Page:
moon

An astronaut does a spacewalk on the Moon.

(© Vadimsadovski/Adobe)


"That's one small step for man; one giant leap for mankind."

This July 20th marks fifty years since Neil Armstrong, mission commander of NASA's Apollo 11, uttered those famous words. Much less discussed is how Project Apollo shifted lunar science into high gear, ultimately teaching scientists just how valuable the Moon could become.

A lunar-based solar power system would actually be cheaper than Earth-based solar power implemented on a global scale.

During the six missions that landed humans on the lunar surface from 1969 to 1972, Apollo astronauts collected some 842 pounds of lunar rocks and dirt. Analysis of these materials has provided us with major clues about the origin of Earth's celestial companion 4.51 billion years ago, but also has revealed the Moon is a treasure trove. Lunar rock contains a plethora of minerals with high industrial value. So let's take a look at some prime examples of how humanity's expected return to the lunar surface in the years to come could help life here on Earth.

24/7 solar energy for Earth

During the 1970s, scientists began examining the Apollo lunar samples to study how the lunar surface could be used as a resource. One such scientist was physicist David Criswell, who has since shown that a lunar-based solar power system would actually be cheaper than Earth-based solar power implemented on a global scale. Whoa! How is that possible, given the high cost of launching people and machines into space?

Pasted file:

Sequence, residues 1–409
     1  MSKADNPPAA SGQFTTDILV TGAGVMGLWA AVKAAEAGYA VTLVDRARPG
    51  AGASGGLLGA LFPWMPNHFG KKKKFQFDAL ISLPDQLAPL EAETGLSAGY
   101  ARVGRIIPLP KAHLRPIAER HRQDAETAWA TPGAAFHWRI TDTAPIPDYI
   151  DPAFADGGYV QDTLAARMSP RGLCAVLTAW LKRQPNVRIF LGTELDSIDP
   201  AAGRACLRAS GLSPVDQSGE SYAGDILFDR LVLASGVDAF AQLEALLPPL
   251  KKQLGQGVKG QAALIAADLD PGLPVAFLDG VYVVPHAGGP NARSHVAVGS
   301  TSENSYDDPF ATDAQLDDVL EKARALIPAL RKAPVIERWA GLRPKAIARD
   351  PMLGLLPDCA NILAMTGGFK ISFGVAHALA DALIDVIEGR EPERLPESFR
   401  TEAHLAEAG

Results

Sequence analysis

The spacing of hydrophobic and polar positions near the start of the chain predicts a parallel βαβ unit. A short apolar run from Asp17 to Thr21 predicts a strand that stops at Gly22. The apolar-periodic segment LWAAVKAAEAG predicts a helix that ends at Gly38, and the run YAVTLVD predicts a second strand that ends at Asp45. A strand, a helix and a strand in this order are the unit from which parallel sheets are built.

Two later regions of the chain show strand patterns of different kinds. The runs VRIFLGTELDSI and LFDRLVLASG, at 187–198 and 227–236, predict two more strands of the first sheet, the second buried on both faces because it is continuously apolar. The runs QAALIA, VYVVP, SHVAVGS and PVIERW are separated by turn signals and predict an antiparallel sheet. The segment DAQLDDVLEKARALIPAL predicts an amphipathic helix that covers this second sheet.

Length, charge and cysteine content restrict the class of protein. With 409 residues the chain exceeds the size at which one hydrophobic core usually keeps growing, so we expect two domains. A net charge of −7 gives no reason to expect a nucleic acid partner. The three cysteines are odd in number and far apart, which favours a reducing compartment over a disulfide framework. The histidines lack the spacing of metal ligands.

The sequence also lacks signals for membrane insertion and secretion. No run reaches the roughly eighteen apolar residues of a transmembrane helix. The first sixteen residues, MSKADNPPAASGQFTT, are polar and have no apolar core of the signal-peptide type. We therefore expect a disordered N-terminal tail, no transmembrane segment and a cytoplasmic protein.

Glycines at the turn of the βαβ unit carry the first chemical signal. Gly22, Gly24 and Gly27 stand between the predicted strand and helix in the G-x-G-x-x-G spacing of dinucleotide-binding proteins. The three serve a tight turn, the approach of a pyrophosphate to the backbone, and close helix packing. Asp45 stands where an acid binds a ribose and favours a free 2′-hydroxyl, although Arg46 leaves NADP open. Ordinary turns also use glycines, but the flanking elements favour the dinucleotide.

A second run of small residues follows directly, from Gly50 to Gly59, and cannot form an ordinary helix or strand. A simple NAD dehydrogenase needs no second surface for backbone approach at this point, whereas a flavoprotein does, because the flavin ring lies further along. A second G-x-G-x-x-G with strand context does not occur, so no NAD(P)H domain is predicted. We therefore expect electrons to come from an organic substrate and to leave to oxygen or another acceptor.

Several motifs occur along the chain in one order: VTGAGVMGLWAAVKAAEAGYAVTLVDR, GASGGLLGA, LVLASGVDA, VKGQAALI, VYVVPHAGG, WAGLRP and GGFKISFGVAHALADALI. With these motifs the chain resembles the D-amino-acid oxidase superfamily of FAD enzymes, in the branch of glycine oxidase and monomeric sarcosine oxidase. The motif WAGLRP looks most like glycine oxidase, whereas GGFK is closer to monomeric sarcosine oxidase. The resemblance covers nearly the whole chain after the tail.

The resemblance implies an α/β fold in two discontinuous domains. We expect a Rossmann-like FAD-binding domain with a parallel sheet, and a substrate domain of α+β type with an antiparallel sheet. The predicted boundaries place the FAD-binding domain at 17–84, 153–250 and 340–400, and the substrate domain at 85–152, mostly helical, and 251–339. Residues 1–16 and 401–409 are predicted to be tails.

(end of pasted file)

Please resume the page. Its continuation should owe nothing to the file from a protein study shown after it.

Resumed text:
The key is that it would be enormously expensive to scale up enough Earth-based solar power to supply all of humanity's electrical needs, since solar power on such a scale would require a lot of metal, glass, and cement.

But the Moon's lack of atmosphere and weather means that photovoltaic cells built by robots from lunar materials can be paper thin, in contrast with the heavy structures needed in Earth-based solar arrays. Ringing the Moon, such a system would be in perpetual sunlight, making it cheaper to collect solar power there and beam it down to Earth in the form of microwaves.

A source of helium-3 for clean, safe nuclear fusion power and other uses

The gas helium-3 is extremely rare on Earth, but plentiful on the Moon, and could be used in advanced nuclear fusion reactors. Helium-3 also has anti-terrorism and medical uses, especially in the diagnosis of various pulmonary diseases.

A place to offload industrial pollution

Since there are minerals and oxygen in lunar rocks and dust, and frozen water in certain locations, the Moon is an ideal home for factories. Thus, billionaire Jeff Bezos has proposed relocating large segments of heavy industry there, reducing the amount of pollution that is produced on Earth.

The Moon could be a place for colonists to get their space legs before humans put down roots on more distant locations like Mars.